Centrist: the one-man party, Estonia's very own personality cult. Part of the current coalition, more MPs than Reform, but only a few ministerial seats. Led by Edgar Savisaar, the Grand Old Bastard of Estonian politics; he was in charge in '91 when the country became independent, and has wanted to be PM again ever since. Will do anything for power, which is why he's not getting the top job: all the other parties will gladly put aside their differences to keep him the fuck out. A force to be reckoned with through personal recognition - a familiar face that many vote for by default. Proportional representation means the husband & wife team of Edgar and Vilja Savisaar get enough votes between them to drag lots of objectionable but loyal creatures into the parliament (and the Tallinn city council, installing a preposterous 28-year-old mayor). Officially affiliated with Russia's pro-Putin party, gives handouts to pensioners and jobs to the boys. Takes credit for all the good things that have happened since the last election. Election slogan is a vague "rich country, good salary".

IRL: a fusion of two once-great forces now individually reduced to insignificance. The union of Isamaa (Pro Patria) and Res Publica; largest single force in the current parliament*, but still far short of the 51 votes needed to control the 101-seat chamber. Res Publica is the former PM's party, massive grassroots success in the previous round of municipal & parliamentary elections, touted itself as the "uncorruptable" party of young guns, unspoiled by insider apathy. Turned out to be equally unspoiled by competence. Pro Patria is the Estonian nationalist party; leader is Mart Laar, distinguished doubly by being both the only person in postsoviet history to hold the top job twice, and by receiving the Milton Friedman award in 2006 for a KISS approach to taxes. IRL is what passes for the right wing around here. Started off the election campaign with a slogan of "money is not happiness", to which a million cynical voices replied, "but its absense sure is misery". Their platform, unveiled today, is for the government to give every high school graduate a new laptop, and cover the interest payments on home loans for young families. Ho hum.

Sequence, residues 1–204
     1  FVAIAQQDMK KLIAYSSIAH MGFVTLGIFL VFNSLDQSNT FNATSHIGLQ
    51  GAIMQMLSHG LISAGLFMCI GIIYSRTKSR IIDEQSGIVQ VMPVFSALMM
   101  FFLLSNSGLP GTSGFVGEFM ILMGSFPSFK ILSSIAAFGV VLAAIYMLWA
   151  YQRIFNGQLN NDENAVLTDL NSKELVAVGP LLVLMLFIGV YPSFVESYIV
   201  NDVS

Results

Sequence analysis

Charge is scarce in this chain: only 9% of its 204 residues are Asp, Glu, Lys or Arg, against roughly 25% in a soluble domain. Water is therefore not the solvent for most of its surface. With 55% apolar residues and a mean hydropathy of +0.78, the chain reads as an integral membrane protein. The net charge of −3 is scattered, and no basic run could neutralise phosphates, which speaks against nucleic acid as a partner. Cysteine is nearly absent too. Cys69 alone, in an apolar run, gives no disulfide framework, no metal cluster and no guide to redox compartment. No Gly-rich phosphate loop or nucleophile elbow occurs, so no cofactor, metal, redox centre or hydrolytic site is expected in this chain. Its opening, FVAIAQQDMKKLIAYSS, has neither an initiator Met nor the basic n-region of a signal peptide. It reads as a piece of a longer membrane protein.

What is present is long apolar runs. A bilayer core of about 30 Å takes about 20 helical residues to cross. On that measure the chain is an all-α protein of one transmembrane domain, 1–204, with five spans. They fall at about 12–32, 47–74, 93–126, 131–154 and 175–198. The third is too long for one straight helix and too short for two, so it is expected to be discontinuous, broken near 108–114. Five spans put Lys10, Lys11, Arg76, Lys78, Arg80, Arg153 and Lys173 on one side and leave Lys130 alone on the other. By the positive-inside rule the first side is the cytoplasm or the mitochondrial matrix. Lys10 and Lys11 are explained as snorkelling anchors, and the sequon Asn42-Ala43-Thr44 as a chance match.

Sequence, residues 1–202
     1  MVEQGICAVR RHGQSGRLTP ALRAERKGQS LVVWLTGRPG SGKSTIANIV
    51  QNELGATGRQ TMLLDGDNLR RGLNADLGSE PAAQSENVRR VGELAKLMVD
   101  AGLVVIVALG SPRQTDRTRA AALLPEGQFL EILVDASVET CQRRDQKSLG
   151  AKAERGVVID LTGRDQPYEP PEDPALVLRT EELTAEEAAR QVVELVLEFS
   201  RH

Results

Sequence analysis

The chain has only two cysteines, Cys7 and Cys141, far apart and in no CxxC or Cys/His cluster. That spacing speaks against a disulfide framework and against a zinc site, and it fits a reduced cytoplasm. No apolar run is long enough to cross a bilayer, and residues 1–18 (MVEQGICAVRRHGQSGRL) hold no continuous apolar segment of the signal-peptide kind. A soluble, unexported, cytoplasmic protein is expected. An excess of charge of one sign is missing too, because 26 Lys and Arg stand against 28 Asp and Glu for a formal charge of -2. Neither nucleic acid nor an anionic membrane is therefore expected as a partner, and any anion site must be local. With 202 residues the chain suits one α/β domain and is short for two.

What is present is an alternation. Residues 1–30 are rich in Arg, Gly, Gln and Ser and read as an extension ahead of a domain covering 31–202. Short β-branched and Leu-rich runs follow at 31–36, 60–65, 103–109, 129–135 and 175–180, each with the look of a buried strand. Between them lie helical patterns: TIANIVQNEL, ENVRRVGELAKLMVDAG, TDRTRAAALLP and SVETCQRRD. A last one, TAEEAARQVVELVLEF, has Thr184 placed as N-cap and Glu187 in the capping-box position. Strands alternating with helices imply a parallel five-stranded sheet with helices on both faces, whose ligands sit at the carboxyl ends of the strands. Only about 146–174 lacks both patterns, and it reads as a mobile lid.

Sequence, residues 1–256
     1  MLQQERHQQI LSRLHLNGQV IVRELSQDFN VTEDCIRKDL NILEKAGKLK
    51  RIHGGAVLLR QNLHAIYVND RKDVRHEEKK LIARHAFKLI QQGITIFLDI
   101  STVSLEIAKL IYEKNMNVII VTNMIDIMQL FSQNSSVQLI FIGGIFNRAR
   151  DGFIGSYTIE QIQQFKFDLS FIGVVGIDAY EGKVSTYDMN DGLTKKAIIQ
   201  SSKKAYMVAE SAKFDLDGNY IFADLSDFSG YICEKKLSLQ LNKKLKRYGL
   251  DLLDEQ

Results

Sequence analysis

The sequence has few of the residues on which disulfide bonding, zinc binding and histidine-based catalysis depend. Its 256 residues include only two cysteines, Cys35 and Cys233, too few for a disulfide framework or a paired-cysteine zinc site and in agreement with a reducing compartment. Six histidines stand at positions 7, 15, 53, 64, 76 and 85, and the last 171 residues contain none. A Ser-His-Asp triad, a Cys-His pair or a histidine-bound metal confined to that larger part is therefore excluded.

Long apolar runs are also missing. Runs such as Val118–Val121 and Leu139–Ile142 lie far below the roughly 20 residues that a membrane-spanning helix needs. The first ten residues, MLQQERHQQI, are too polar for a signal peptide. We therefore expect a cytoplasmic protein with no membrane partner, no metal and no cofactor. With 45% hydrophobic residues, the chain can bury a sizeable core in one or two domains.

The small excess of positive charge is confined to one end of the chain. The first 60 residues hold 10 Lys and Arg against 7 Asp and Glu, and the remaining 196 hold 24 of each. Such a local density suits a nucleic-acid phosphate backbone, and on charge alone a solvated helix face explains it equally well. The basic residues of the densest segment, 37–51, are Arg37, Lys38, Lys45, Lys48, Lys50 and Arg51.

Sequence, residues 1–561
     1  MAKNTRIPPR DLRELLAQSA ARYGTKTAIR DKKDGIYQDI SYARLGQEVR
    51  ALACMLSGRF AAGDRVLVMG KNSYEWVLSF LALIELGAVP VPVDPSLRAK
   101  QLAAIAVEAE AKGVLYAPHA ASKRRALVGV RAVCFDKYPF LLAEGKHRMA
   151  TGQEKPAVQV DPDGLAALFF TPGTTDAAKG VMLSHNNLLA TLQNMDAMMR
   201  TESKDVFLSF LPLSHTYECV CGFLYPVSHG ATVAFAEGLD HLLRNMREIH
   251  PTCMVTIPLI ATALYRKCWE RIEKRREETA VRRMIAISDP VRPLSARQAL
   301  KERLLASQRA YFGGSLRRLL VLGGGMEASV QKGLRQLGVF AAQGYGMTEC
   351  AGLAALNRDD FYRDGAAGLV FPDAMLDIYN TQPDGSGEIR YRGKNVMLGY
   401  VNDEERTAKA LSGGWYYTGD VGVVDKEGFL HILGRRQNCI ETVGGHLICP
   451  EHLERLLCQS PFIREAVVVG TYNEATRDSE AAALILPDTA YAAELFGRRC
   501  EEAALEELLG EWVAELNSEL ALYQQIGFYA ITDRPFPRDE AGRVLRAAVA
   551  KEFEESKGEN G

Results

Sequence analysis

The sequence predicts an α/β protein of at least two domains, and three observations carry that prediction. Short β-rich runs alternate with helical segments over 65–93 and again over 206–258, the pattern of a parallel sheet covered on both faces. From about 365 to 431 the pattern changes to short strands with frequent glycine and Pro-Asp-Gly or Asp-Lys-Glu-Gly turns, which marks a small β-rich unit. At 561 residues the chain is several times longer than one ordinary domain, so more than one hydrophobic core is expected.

Social Democrats: much as you'd expect - the trade unions' party. Last anyone heard of them, they were suggesting that Tallinn's public transport be made free. Election platform is essentially "spend all the money that the Reform boffins are making". Ostensibly the clear left-wing. Pulled off a great coup earlier this year, installing Toomas Hendrik Ilves into the presidency; he's withdrawn his party affiliation, but isn't fooling anyone. Social Democrats are the Coldplay of Estonian politics: popular by being non-objectionable. In an election where choices have dwindled compared to previous occasions, and the big players all seem like the same old mess, this lot is the reluctant choice of a disgruntled electorate that can't find a particularly good reason not to vote for them.

People's Union: the farmers' party, originally. Their great coup was Arnold Rüütel, the compromise candidate in the 2001 presidency race, voted in by an electoral college of county councils. In bed with the Centrists, but corruption scandals have erased any trace of credibility. Widely expected to flop.

My best guess for the outcome is, another "anyone but Savisaar" block, with IRL and the Social Democrats setting aside their differences (whatever those may be) and rallying around Reform. Centrists and the farmers will stay in a narrow parliamentary minority, waiting for the coalition's inevitable Charlie Foxtrot. The rehash will be more interesting, though the current parliament has 11 independents (over 10%!), and if something like that happens again, these unaffiliated votes will act as the tiebreaker.

In other words, business as usual.